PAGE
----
Teachers are human beings too, you know

27th May 2011 at 01:00

Aren't staffrooms fantastic places? All human life is there. They are the reason some of us go to school. Forget vocation or policy; let's get down and dirty with the gossip. It is just too good to ignore - and there is no such thing as a "staffroom super-injunction" to stop us. Sometimes it is the kids who we talk about. And sometimes it is our colleagues.

I will never forget Chris, sitting in a corner of the staffroom with his head in his hands. It was Monday morning and he was mortified.

He was a young teacher who worked hard and everyone believed he had a good career ahead of him. He had a family and a sense of purpose. Everything was going very well. Promotion beckoned.

But there was a bit of a do one weekend. Thankfully I am too old to understand all this, but what I do remember through the fog of years is that there can sometimes be hungry and insistent women. And Chris found one.

He became involved with Lucy the science technician during a disco. A drunken grope appeared to have taken place, though no one could be quite sure what happened, certainly not Chris. He was covered in small scratches. It looked as if he had gone through a hedge backwards. Perhaps he had.

However, what started on the dancefloor ended up as the only item of staffroom gossip that Monday morning. Different people saw different parts of it and they enjoyed putting it all together. Those who were not there were happy to add elements to the story, since facts were not required to stoke this particular fire.

The general consensus was that there was a robust and uninhibited moment in the car park.

Teachers were thrilled to be in school that day, even if it was a grey Monday. It was not just a scandal, but one that embraced Chris, who carried the hopes of a generation. It was a fantastic moment as far as the matronly knitters were concerned; they dribbled into their yarn, unable to believe their luck. His fall from grace was complete, the Anointed One no more. How they enjoyed it.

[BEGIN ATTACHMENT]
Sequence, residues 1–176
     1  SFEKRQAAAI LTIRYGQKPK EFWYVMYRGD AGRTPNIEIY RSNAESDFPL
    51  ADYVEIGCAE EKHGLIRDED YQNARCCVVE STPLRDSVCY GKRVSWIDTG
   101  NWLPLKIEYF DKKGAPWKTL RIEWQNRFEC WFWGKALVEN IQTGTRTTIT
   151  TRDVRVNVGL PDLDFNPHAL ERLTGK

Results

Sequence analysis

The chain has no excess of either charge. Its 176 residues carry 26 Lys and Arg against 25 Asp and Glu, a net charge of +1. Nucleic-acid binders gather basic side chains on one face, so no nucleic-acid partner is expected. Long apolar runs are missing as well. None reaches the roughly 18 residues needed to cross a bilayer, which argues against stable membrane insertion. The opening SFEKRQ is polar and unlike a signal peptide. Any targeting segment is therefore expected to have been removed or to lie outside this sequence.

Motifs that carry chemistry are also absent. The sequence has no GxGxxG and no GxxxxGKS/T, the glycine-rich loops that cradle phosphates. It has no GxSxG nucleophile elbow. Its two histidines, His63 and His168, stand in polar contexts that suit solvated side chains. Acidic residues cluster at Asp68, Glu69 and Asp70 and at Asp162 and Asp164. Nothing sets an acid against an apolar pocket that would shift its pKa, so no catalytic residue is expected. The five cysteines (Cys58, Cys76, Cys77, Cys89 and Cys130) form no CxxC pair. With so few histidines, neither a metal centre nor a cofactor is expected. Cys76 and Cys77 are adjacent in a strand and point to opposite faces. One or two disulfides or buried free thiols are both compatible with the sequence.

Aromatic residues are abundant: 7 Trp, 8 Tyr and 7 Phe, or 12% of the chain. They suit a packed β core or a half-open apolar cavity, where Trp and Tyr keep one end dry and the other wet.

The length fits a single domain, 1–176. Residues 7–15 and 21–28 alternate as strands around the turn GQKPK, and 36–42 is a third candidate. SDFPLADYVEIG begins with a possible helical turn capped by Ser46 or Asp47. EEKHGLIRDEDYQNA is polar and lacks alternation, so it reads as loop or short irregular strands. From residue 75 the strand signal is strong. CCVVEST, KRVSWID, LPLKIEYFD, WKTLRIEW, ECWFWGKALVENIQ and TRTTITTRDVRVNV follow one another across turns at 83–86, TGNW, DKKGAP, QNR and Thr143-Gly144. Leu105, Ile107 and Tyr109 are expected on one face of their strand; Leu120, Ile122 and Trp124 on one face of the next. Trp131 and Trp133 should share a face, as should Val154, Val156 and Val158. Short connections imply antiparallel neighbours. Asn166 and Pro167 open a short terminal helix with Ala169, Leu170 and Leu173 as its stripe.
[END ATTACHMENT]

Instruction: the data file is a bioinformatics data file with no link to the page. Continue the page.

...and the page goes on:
Chris certainly knew nothing about it. He had no memory at all, which I suppose makes the whole thing an even greater waste of time. If there was any pleasure in it, it passed poor Chris by.

Others tried to help, but the more he found out, the worse it became.

Of course, the problem for him was that soon the whole school community knew about it. How could he keep his indiscretion from his family?

Did it help that Lucy was a predatory woman? Throughout it all she seemed completely in control. Her quiet, smirking triumph was set against his consuming guilt. She knew that now it was his future she held in her hands.

The teachers - intelligent professionals - loved it. It was real-life drama, much more exciting than completing end-of-term reports. I was young and I expected better, I suppose.

But, of course, this is not about school at all; it is about work, about the randomness of human behaviour. It probably happens everywhere. And teachers are people too, not spiritual beings from a higher plane. They are just people; fragile, vulnerable, imperfect. And they do what people do.

Workplace relationships are always complicated and always liable to misinterpretation. They are certainly not peculiar to schools. How many relationships across the country, both permanent and temporary, began at work? How many lives have been subsequently enhanced and transformed? That happens wherever people go to work. So why are teachers expected to be role models, to be paragons of abstinence and virtue?

It is a hard thing to carry with us. Our own ordinary lives are fraught with complications, but it seems that we are unable to display human frailty.

Children are often particularly aware of their parents' weaknesses and indulgences. And are parents vetted? Is their suitability to be parents checked out? But teachers are expected be role models in ways that parents are not. Is it fair that teachers are expected to be better people than parents?

The truth is that teachers must always be circumspect. Certainly, when you achieve any sort of seniority you should stay away from staff social occasions. You need that distance if things go wrong, because when they do you will be implicated and expected to have done something about it.

And what of Chris? That image of him in the staffroom has stayed with me all these years.

He was consumed by shame and guilt. He needed to avoid Lucy, but that was impossible in a small school. His career there never really recovered and he had to move on, out of the town, to start again.

Geoff Brookes is deputy head of Cefn Hengoed School in Swansea.

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